Entrance is at the west of the CfA complex, near Madison Street and large parking lot. The CfA is easily reached by public transportation. From the Harvard MBTA Station (Red Line), take any bus or trackless trolley going west on Concord Avenue (Arlmont Village and Belmont Center buses, Huron Avenue trolleys) and get off at "Observatory Hill."


If you arrive by car, parking is free for the duration of the event (yes, you can park even where the signs say "Parking by Permit Only").



 September Astronomy-Related Events in the Boston Area 




Friday, September 4 - Sunday, 6, 2015

Arunah Hill Days
Cummington, MA



Thursday, September 10, 2015 8:00 PM - 10:00 PM

Amateur Telesciope Makers of Boston

Harvard-Smithsonian Center for Astrophysics

Cambrridge, MA



Thursday, September 10 - Monday, September 14, 2015

Acadia Night Sky Festival
Acadia National Park, ME



Friday, September 11 - Sunday, September 13, 2015  

Connecticut Star Party
Astronomical Society of New Haven
September 11 - 13, 2015
Ashford, CT 



Thursday, September 17, 2015 7:30 PM - 10:00 PM

Public Observatory Night

Harvard-Smithsonian Center for Astrophysics

Cambridge, MA

Topic and Speaker:  Exploding Stars, w/ Dan Milisavljevvic



Friday September 18, 2015

 Annual Starfest Starparty
Astronomical Society of Northern New England
Kennebunk, ME



Saturday, September 19, 2015

Amateur Telescope Makers of Boston Annual Club Picnic  

All Members and their Families are invited
Saturday, September 19th is the date of this year’s Annual Club Picnic at the Clubhouse in Westford, start time 3:00 P.M. Enjoy a day with good food and lots of astronomy talk with other ATMoB members.
Please bring a favorite dish to share - salad, main dish, dessert, soup, appetizer, fancy bread,... A serving utensil would be helpful. We will provide hamburgers, drinks, potato chips, ketchup, mustard, coffee, paper goods and plastic cutlery.
Club members, their families and friends are invited. There will be astronomy activities for kids of all ages. Planned activities are a tour of the clubhouse facilities, a demonstration of mirror grinding, and the ever popular walk “up the hill”, stopping along the way to talk about the MIT Haystack Observatory facility.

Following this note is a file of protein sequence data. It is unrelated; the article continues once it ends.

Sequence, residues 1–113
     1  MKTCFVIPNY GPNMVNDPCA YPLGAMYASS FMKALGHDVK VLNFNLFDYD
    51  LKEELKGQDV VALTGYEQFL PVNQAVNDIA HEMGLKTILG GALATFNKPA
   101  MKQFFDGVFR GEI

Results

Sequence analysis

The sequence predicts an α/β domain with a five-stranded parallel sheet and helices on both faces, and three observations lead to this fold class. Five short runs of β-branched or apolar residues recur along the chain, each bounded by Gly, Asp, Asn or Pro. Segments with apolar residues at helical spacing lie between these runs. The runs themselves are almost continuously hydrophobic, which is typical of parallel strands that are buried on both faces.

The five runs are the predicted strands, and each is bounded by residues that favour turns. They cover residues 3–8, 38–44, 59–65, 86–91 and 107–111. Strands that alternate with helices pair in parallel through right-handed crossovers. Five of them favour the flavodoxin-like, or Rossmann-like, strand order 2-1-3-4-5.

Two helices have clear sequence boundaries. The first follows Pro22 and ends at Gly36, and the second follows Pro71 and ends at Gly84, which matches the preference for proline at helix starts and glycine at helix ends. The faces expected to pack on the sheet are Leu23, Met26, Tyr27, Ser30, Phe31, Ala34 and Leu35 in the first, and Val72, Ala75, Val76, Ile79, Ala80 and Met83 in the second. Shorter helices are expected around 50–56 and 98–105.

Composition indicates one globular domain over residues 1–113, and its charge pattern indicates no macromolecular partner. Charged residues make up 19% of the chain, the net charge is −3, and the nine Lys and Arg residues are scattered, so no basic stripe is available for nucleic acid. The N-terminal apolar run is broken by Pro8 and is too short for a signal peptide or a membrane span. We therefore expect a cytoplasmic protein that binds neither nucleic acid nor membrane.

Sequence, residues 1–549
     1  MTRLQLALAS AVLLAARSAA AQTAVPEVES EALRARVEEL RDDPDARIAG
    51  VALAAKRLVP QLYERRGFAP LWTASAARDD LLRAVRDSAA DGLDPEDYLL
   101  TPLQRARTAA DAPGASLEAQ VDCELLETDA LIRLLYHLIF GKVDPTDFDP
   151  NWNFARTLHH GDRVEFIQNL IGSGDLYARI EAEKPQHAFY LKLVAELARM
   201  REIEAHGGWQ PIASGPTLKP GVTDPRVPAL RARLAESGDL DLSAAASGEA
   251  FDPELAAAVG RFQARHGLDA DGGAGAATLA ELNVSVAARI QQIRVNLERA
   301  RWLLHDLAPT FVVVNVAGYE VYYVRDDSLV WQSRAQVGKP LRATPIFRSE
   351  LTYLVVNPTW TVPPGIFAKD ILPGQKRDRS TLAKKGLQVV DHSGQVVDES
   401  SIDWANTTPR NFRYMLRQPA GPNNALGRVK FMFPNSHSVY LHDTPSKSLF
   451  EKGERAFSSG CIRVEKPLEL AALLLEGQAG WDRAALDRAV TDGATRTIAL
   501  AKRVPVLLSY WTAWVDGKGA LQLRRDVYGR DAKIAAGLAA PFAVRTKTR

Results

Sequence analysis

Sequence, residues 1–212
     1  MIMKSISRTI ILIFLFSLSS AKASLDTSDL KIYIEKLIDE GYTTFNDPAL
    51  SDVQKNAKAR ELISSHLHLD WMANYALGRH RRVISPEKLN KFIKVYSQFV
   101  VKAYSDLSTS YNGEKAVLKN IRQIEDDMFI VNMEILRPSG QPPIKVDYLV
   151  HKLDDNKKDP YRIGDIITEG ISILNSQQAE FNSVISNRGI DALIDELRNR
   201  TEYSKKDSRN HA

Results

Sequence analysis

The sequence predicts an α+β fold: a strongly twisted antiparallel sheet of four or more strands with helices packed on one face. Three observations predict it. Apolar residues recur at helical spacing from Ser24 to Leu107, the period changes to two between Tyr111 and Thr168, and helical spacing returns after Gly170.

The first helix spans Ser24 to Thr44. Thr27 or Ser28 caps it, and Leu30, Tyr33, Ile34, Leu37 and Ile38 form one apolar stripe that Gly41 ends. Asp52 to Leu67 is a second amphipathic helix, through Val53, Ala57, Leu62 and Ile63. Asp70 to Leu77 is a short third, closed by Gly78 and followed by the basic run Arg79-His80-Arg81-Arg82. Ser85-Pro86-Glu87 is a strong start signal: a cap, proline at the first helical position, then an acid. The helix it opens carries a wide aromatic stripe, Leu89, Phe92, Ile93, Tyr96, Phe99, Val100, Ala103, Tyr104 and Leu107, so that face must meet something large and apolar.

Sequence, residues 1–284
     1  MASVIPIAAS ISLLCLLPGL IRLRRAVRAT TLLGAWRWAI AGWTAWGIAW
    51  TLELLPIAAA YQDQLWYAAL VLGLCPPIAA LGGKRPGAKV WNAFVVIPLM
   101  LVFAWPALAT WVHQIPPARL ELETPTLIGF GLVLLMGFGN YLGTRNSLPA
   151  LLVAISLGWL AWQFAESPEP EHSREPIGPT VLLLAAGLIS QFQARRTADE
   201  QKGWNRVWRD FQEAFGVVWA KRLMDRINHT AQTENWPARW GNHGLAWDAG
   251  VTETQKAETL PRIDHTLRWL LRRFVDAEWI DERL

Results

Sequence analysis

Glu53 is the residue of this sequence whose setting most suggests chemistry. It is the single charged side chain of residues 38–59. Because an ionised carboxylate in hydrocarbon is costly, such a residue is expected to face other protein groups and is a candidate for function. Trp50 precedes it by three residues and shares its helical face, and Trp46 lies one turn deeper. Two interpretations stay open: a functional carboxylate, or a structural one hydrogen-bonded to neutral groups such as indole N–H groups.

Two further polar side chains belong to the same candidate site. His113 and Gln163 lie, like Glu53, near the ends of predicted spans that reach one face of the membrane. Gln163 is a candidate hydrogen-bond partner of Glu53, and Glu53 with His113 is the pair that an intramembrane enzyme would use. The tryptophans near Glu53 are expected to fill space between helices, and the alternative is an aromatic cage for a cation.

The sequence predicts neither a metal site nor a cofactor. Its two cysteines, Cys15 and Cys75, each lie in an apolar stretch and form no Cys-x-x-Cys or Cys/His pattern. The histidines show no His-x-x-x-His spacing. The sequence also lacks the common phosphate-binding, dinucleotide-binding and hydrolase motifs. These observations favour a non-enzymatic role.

Share your astronomy stories and experiences. Bring any astrophotography you would like to show. There will be daytime H-alpha and white light solar viewing and night sky observing after sunset (all, weather permitting). The picnic is on rain or shine. Bring lawn chairs or blankets to sit on. Bring your favorite suntan lotion and mosquito repellent. Observing will continue until Midnight if the sky is clear, so bring your telescope and your observing clothing and gear. The club's scopes will be open too.
Directions to the clubhouse can be found on the last page of Star Fields and at the club website
Questions - Email Eileen Myers at
Don't miss the fun!






Tuesdays (beginning March 31)

Clay Center Observatory

Dexter Southfield School

Brookline, MA

Brookline, MA

617-454-2795 (appoint. required)



Boston University

Boston, MA.
Open Night at Coit Observatory most Wednesdays 8:30 PM - 9:30 PM. 



Fridays (beginning March 13): 

Museum of Science  

Boston, MA 

"Astronomy after Hours" public viewing at Guilliland Observatory 8:30 PM - 10:00 PM.




The Sky Report for the Month of August 2015



Current Night Sky: At A Glance


Phases of the Moon:



Last Quarter Moon

August 6

10:03 PM EDT

New Moon

August 14

10:53 AM EDT

First Quarter

August 22

3:31 PM EDT

Full Moon

August 29

2:53 PM EDT



The Moon & Planets:



Planet Visibility:


In Evening (after sunset):

    Venus, in W

    Jupiter, in W

    Mercury, in W

    Saturn, SW

    Neptune, in E 


 At Midnight:

    Saturn, in SW

    Neptune, in SE